Archive for category stories
The singularity is, by one definition, the first point at which an artificial intelligence equivalent to that of a human is created. There are several ways this could happen, but there is one that I find particularly interesting and that I which I envisioned in a kind of post-apocalyptic story some time ago. Recently, I learnt that a rudimentary first step in realising this future has been taken by science: scientists have mapped the brain of a worm and used it to control a robot.
I have spent two Christmases far away from home and I have to confess these were not the best Christmases I ever had. The topsy-turvy weather (I come from a country with a warm Christmas), not having my parents’ food, not having my parents, all contributed to this. This year I am once again at home and I will be celebrating Christmas with my family. I am content. But having spent time in the Netherlands, and having appreciated their strange Christmas traditions, I wondered what the reverse might feel like. That is how my latest story, Not an Afrikaner, was born.
Not an Afrikaner is the story of a Dutch man married to a South African woman and living in South Africa. He has to try to explain the strange custom of Zwarte Piet (I wrote about the controversy of this tradition here), face his unaccommodating and racist mother-in-law, and the unseasonably warm weather. This is a story for anyone who has to spend Christmas away from the country of his birth, but who can nevertheless learn to appreciate the otherness of his new home.
This is going to be in many ways a sad Christmas for South Africa with our great leader, Madiba, having just passed away. However, in the wake of his passing, I believe we will come to a greater understanding the of the extraordinary qualities of South Africa. This is something to celebrate.
I am delighted to announce that this month (November) you can find a little story I wrote – it’s called Carie’s Way – in the ezine Penumbra. The theme of the issue is gaslight fantasy, which means, as I understand it, that it is set in Victorian times (particularly in England) when streets were still lit with gaslamps. My particular story is set in colonial Cape Town, ruled by the English. An English girl named Carie finds there are sinister forces at work in the very heart of the Empire. Will she have the courage to strike at them when given the chance? It’s a simple story, but hopefully a fun one too.
For an amateur writer like myself this is, of course, a prize: to have one’s work published, even if it is only a short story in a ezine with a small circulation. I feel rather chuffed. It’s almost like being elevated from the rank of “writer” to “author” (it’s not quite that). Importantly, it’s a first step. A crucial building block of my, until-now non-existent, reputation as a writer. If you read the story, feel free to give me feedback (positive or negative).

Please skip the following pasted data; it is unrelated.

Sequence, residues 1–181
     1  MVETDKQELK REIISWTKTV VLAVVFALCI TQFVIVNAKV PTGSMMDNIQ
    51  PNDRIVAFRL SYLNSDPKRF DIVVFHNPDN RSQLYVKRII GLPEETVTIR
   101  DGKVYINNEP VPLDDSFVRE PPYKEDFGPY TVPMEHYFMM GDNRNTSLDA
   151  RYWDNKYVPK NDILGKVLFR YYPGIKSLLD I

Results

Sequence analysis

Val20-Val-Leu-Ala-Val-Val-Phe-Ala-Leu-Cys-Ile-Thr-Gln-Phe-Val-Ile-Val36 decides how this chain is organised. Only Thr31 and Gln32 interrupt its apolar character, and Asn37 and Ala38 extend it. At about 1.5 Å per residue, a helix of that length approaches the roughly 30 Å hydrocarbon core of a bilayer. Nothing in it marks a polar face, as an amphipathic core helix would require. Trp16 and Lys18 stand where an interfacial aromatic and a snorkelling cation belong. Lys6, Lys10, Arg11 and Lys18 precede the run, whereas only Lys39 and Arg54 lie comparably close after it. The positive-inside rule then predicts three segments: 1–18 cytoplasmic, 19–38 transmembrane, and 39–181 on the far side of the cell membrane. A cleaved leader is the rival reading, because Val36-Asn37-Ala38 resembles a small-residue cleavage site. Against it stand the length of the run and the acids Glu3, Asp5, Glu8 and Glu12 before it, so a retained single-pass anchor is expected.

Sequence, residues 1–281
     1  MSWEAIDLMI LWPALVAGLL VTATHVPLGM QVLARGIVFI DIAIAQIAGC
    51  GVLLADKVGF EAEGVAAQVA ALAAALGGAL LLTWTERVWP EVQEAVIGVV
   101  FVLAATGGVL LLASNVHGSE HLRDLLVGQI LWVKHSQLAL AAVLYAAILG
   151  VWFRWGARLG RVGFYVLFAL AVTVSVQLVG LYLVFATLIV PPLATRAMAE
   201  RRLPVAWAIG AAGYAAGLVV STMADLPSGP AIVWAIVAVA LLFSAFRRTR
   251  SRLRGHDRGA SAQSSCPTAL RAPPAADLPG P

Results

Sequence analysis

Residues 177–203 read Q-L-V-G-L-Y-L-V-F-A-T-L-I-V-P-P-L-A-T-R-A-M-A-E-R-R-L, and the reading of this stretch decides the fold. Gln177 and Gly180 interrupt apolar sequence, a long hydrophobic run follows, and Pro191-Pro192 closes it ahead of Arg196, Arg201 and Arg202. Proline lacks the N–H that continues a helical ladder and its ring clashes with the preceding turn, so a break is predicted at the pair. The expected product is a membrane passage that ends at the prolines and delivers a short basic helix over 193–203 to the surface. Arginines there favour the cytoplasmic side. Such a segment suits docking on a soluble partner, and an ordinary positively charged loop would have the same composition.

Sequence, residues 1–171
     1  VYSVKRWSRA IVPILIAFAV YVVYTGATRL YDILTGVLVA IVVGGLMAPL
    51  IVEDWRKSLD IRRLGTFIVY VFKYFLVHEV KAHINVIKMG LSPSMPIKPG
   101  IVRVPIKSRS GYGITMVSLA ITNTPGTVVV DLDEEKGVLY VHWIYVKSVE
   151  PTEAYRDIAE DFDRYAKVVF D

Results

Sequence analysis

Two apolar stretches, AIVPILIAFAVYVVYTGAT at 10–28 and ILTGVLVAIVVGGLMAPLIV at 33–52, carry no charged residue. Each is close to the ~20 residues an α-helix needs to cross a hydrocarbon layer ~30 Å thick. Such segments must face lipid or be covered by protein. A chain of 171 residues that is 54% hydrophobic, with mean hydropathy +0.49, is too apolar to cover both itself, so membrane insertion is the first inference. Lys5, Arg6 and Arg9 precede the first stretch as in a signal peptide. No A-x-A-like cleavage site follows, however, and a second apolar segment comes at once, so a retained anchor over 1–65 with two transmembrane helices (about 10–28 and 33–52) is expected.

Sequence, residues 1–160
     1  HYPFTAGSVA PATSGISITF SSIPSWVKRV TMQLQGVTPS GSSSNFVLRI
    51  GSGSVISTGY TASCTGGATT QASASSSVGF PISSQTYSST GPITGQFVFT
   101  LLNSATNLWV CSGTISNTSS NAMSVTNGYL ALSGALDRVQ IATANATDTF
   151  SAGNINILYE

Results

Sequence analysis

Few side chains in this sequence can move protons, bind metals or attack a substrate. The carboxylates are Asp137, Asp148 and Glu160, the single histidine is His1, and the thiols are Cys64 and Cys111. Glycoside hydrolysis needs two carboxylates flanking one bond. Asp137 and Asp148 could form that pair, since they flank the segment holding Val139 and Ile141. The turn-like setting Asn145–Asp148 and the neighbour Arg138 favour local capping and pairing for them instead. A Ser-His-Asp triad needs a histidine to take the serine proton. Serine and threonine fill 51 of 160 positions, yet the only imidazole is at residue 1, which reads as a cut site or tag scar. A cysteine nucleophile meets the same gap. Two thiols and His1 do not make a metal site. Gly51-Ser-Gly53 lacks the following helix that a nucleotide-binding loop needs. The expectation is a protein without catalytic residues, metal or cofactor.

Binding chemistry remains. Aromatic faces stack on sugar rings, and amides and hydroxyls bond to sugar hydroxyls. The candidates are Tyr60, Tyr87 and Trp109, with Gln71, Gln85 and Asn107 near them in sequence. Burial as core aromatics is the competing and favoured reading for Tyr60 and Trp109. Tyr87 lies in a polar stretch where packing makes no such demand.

It has been some time since I have written a story. Here is an excerpt from a new story, called Connected. It is about a future Cape Town where implants are available that can connect people’s minds. But of course it’s not really about that: actually it’s about social issues that present themselves in the present, about what forms of love are acceptable and which are not. Read it with an open mind.
Jakkie and Jolande stood together in the large hall, facing the worship leaders. They played instruments, but the sound fed only into the implant network. To an unconnected observer all would be silent, except for the occasional audible exultation that slipped through. The siblings clasped their hands and lifted them in the air, their eyes closed, beatific expressions on their faces. Others soon joined, forming rows of worshippers, hands clasped and raised in the air, declaring the victory of Christ.
from Connected.(link disabled)
In superhero stories powers are always tremendous and obviously useful. I wondered, how would it feel to have a power which seemed utterly useless, and what if you could not even see its effect? So I wrote a little story, a slice-of-life, about an otherwise ordinary guy, who happens to have just such an ability. It’s called Colourblind.
(Disclaimer: I do not claim to be an expert on colour blindness. I may have gotten some crucial details wrong. Please forgive me if I did and please tell me what I got wrong, so next time I can improve.)
I have been studying mathematics in Amsterdam for a nearly year now. I felt I needed to record my experiences of Amsterdam in story form. However, I have also wanted to write something about mathematics, about how mathematicians see mathematics, and why they do it, in a form that even non-mathematicians can understand. I tried to do both these things in a little story I wrote. It is heavily based on my own experiences in Amsterdam, of studying mathematics and of interacting with mathematicians both in the Netherlands and in South Africa.
The story is divided into six lessons, each a snapshot of David’s life, where David’s thoughts, recollections and interactions with others give some insight (I hope) into the mind and life of a mathematician. I have entitled it “The lives of the mathematicians.”
Here is a link to the story. Let me know if you like (or if you hate it, or have any other kind of experience).